This March 1st, we Massachusetts Republicans will vote for our choices in the Presidential primary and then the national campaign will roll out of here, on to its eventual conclusion. Normally little noticed is the selection seen at the bottom of the ballot slip for the GOP State committeeman in the 1st Middlesex District (Westford, Tyngsboro, Pepperell, Lowell, Groton, Dunstable). However this year the selection may be more critical than ever. The State Committee, as the overarching effort to build the base and still illuminate Republican values, needs experienced and campaign tested leaders.

The clear choice is Dennis Galvin, a proven and dynamic leader who has stood for Republican Party values when no one else would stand up to what seemed insurmountable odds. Dennis has a background that uncontestably makes him the best candidate for the State Committee. Over 25 years of successful Public and Private service in Massachusetts, Community service leader in critical youth development activities, Three term Town Planning Board Member, Republican Town Committee member and twice the GOP Standard bearer in the 2nd Middlesex Massachusetts House race are but a few of his documented credentials. Dennis has lead the growth of the GOP in this district because he pays attention to details, has a commitment to the strategic vision of the GOP and is able to engage a wide range of potential members and voters, regardless of age, cultural perspective or town/city location. He does this by actually listening to the public and then works under his most notable quote “Common sense should be our common virtue”.

As a member of a Republican Town committee for over 15 years and a past State Committeeman, I believe we must have Dennis as our first choice in this election. His support of the Party philosophy is strong and well documented through his years of Editorial submissions. Having stood for principle in tough elections, he is independent of any potential pressure to conform for political expediency sake, and lastly, in my opinion, is the caliber of Committeeman that will deeply concern the Democratic Party of Massachusetts.

So if you will pardon the pun, I hope my endorsement will “Galvanize” you to vote for Dennis on March 1st. Regardless of your Presidential selection, voting for Dennis will give you an early victory to celebrate.


Wade Fox

Galvin for State Committeeman

Dennis Galvin’s campaign kick-off announcement on January 13, 2016, filmed by Westford Cable Access TV:


Dennis Galvin’s guest spot (appeared with Jordan Gys) on The Morning Show on WCAP (live and recorded on Jan. 28, 2016):


Dennis Galvin’s appearance on “The Current Buzz” on Chelmsford Cable Access TV:



Trump-Brown? The Donald hints it could be the ticket

The Donald hints it could be the ticket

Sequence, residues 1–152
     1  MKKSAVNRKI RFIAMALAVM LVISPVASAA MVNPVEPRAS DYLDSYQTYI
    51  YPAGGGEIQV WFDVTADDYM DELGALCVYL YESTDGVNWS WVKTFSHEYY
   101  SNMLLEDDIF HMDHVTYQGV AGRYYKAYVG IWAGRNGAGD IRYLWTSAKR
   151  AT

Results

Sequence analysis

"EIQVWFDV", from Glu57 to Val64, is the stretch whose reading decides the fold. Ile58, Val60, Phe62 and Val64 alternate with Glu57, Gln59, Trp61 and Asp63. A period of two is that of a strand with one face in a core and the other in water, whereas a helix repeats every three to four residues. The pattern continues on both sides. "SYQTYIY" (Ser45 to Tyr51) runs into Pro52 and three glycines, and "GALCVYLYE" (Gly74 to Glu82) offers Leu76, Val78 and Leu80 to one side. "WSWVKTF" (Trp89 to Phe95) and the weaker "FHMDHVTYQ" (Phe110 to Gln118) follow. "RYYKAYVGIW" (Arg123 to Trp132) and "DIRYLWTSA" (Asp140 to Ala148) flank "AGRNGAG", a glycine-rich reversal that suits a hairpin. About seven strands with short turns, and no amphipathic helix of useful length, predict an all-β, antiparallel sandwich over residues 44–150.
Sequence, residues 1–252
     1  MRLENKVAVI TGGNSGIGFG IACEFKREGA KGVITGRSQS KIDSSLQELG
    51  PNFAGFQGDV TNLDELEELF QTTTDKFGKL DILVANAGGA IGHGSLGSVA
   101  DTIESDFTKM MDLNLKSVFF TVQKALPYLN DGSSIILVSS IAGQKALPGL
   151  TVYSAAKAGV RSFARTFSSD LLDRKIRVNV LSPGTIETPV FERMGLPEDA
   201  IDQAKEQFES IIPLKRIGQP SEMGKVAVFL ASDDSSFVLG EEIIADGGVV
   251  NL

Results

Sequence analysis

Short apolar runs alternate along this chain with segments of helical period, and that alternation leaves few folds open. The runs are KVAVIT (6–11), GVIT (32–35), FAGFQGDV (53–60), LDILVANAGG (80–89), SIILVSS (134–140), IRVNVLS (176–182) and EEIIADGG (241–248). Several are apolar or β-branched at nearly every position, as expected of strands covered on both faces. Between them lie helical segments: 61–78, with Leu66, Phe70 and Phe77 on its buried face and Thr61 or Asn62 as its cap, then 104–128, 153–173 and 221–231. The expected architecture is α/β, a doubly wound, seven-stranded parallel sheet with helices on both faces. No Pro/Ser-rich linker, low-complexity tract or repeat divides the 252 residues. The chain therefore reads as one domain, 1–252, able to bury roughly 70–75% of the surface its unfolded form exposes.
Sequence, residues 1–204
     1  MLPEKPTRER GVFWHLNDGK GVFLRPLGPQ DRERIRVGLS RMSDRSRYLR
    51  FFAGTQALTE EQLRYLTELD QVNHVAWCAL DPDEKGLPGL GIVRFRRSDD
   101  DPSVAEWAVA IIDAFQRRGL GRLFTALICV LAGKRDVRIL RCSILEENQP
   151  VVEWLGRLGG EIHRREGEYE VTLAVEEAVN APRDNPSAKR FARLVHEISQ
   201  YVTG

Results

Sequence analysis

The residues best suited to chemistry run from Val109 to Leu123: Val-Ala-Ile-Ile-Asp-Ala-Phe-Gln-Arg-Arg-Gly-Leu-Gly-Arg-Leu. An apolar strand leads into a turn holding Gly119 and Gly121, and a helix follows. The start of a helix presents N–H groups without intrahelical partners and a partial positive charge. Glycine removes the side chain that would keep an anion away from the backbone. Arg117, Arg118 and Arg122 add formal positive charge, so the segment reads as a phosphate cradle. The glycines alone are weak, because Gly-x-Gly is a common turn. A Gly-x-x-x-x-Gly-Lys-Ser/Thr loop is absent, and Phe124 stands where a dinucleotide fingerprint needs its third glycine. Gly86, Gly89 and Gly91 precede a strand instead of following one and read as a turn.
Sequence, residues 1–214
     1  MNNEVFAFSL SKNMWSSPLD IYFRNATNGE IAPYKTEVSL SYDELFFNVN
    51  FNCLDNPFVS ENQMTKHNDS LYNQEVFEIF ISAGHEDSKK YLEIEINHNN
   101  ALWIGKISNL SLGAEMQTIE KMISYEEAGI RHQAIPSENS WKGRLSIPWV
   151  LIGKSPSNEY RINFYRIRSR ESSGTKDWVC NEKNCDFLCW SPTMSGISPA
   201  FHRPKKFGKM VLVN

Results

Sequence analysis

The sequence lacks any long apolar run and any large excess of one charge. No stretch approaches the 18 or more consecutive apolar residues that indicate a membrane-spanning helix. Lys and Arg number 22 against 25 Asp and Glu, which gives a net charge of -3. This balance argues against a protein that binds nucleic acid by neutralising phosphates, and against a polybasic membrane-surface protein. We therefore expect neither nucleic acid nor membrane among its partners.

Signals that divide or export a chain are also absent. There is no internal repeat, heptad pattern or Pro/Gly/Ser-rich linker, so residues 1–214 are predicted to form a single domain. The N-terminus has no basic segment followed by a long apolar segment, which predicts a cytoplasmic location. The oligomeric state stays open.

By James Hohmann, The Washington Post
UPDATED:   01/17/2016    08:36:30 AM

Former Massachusetts Sen. Scott Brown listens as Republican presidential candidate Donald Trump speaks during a campaign stop in Portsmouth, N.H.,

Former Massachusetts Sen. Scott Brown listens as Republican presidential candidate Donald Trump speaks during a campaign stop in Portsmouth, N.H., Saturday. AP PHOTO

PORTSMOUTH, N.H. — Donald Trump said on Saturday that former Massachusetts Sen. Scott Brown would be a vice president straight out of “central casting.”

The Republican front-runner was flattering Brown as he sought his endorsement during a rally hosted by the former U.S. senator in a Toyota dealership here.

After Trump took the stage to “Eye of the Tiger,” Brown introduced him as “the next president of the United States.”

Trump returned the favor 10 minutes into his speech. “There’s no hope with these people that we have running for office, except for him of course,” he said, pointing at Brown. “Here’s a good man! We’re keeping our bad ones. We’re losing our good ones.”

A man in the audience yelled that Trump should choose Brown as his vice president. The crowd of several hundred cheered.

“You know what? He’s central casting,” Trump replied, nodding. “Look at that guy! He’s central casting! A great guy and a beautiful wife and a great family. So important!”

Brown said he plans to endorse one of the candidates after a state GOP cattle call next weekend.

But he plainly likes the idea of being vice president.

“I’ve heard that before,” Brown said, smiling, when asked about it after the event. “So I’m just going to continue to work hard and see what happens.”

Brown represented Massachusetts for three years, from January 2010 to January 2013, after winning the special election to succeed Massachusetts Sen. Edward Kennedy, who died in 2009. He lost to Democrat Elizabeth Warren in 2012.

Then he moved to his vacation home in neighboring New Hampshire so that he could challenge Democratic Sen. Jeanne Shaheen in 2014. He narrowly lost that race, one of the few high-profile losses for Republicans during the midterms that year.Still, Brown harbors political ambitions. He faced a competitive GOP primary when he ran for Senate in 2014, largely because of his past support for a ban on assault weapons and his support for abortion rights. As he looks ahead to a future run for office, perhaps governor in 2018 or Senate in 2020, he’s trying to deepen his roots in New Hampshire and sharpen his appeal to conservatives.

Trump said he will support Brown in whatever office he seeks. “The right thing is going to happen,” he said. “We’ve got to get him back. And we’ll be behind him 100 percent.”